Hope for the future

A long-time Grand Cayman holiday tradition was renewed last night when Rex and Cecile Crighton turned on the power to their annual Christmas light display at their home in Spotts.

For about 30 years the Crightons have dazzled residents with their increasingly elaborate Christmas displays.

However, their house across from Ocean Club condominiums, suffered extensive damage as a result of Hurricane Ivan in September.

Many of the Crightons’ Christmas decorations and lights, which took up the majority of space in the four-car garage outside of their home, were destroyed during the storm.

‘We also had some very expensive animations that we lost,’ he said. ‘We’ve had to throw much of it away.’

Mr. Crighton said their home is ‘far from being finished’ as far as the storm repair work goes. He had received many telephone calls from residents who were wondering if he and his wife would put up the display again this year. ‘It seems to bring a lot of joy, especially to the children,’ he said.

Although they had to throw away hundreds of thousands of lights, Mr. Crighton said some of the old ones were salvaged.

Cecile Crighton, who was the impetus for the start of Christmas light tradition when her children were young, was able some order new lights from the United States to replace the ruined ones. ‘She deals with some of the biggest manufacturers in the US,’ said Rex.

One of the difficulties with putting up the display this year is that Ivan killed or damaged many of the trees on the Crightons’ property where some of the lights were placed in the past.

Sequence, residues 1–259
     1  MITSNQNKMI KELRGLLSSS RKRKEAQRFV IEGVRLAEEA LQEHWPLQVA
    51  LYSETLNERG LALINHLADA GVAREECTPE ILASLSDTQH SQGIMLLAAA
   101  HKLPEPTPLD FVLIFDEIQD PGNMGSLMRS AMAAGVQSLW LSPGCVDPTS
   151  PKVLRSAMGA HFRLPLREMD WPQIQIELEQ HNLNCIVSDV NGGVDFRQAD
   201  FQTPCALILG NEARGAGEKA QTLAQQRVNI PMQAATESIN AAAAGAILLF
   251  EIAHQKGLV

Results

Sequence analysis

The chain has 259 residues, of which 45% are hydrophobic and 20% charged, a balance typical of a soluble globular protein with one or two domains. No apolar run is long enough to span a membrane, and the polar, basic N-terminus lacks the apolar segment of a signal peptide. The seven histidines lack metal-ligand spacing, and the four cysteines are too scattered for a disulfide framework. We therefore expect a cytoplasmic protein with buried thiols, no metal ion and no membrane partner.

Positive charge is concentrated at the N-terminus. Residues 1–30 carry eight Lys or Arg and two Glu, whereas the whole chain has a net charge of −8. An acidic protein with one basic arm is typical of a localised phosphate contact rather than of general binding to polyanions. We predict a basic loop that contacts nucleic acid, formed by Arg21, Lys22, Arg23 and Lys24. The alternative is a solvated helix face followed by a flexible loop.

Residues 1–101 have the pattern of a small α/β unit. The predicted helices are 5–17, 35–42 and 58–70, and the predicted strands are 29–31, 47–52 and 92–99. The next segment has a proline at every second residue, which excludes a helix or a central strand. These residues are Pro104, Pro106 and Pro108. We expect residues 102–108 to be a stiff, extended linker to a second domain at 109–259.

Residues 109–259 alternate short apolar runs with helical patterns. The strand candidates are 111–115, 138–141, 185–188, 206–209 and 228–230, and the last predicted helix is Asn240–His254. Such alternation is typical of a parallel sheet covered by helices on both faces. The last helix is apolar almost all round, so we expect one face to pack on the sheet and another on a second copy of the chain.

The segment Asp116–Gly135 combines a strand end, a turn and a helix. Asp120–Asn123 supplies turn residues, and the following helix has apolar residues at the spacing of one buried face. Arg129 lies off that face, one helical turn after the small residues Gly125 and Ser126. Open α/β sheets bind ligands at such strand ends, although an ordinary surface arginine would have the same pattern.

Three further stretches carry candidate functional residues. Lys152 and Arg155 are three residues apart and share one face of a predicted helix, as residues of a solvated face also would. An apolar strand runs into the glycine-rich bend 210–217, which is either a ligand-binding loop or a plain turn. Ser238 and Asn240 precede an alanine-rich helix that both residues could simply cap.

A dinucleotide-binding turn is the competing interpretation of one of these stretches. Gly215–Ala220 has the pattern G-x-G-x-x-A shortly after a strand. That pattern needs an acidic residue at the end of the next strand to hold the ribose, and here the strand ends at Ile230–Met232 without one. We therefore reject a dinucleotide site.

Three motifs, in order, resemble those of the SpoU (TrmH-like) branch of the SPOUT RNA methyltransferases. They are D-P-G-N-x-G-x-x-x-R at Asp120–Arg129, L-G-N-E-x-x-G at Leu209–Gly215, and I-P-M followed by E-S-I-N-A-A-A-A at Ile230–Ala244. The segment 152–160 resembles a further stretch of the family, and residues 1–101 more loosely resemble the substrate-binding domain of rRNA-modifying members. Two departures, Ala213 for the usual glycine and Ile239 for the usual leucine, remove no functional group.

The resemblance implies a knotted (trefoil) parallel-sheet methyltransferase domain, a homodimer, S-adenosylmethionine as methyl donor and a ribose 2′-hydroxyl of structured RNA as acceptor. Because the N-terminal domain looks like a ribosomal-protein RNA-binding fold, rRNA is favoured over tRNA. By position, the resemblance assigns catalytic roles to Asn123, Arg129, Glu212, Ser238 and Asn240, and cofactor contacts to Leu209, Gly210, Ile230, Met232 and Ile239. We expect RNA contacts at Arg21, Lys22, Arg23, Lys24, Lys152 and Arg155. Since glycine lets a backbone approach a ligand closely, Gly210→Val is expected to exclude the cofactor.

Rex said he was expecting some large replacement palm trees, but that they got stuck in a container at the port in Miami and subsequently died.

Another tree shipment will not make it here until January, so some of the new lights the Crightons purchased will have to wait until next year before being displayed.

Still, the Crightons are glad to do what they can, in spite of their post-Ivan circumstances, to bring some Christmas spirit to the residents of the country.

‘People tell me it brings them joy,’ said Rex. ‘One little boy said to me yesterday that it gave him hope for the future; if it can do all of that, I don’t mind putting them up.’

This year’s display is smaller than in recent years, but still includes tens of thousands of lights, a model train display, an animated nativity scene, a decorated miniature old Caymanian house, a giant snowman and much more.

Normally, the lights would have been turned on around the 15th of December, but difficulties in getting power back on at their property delayed switching them on until yesterday.

Residents are free to walk through the cordoned areas of the Crightons’ yard to view the decorations, which are turned on nightly through January 6 from nightfall until midnight.

One little boy said to me yesterday that it gave him hope for the future; if it can do all of that, I don’t mind putting them up– Rex Crighton

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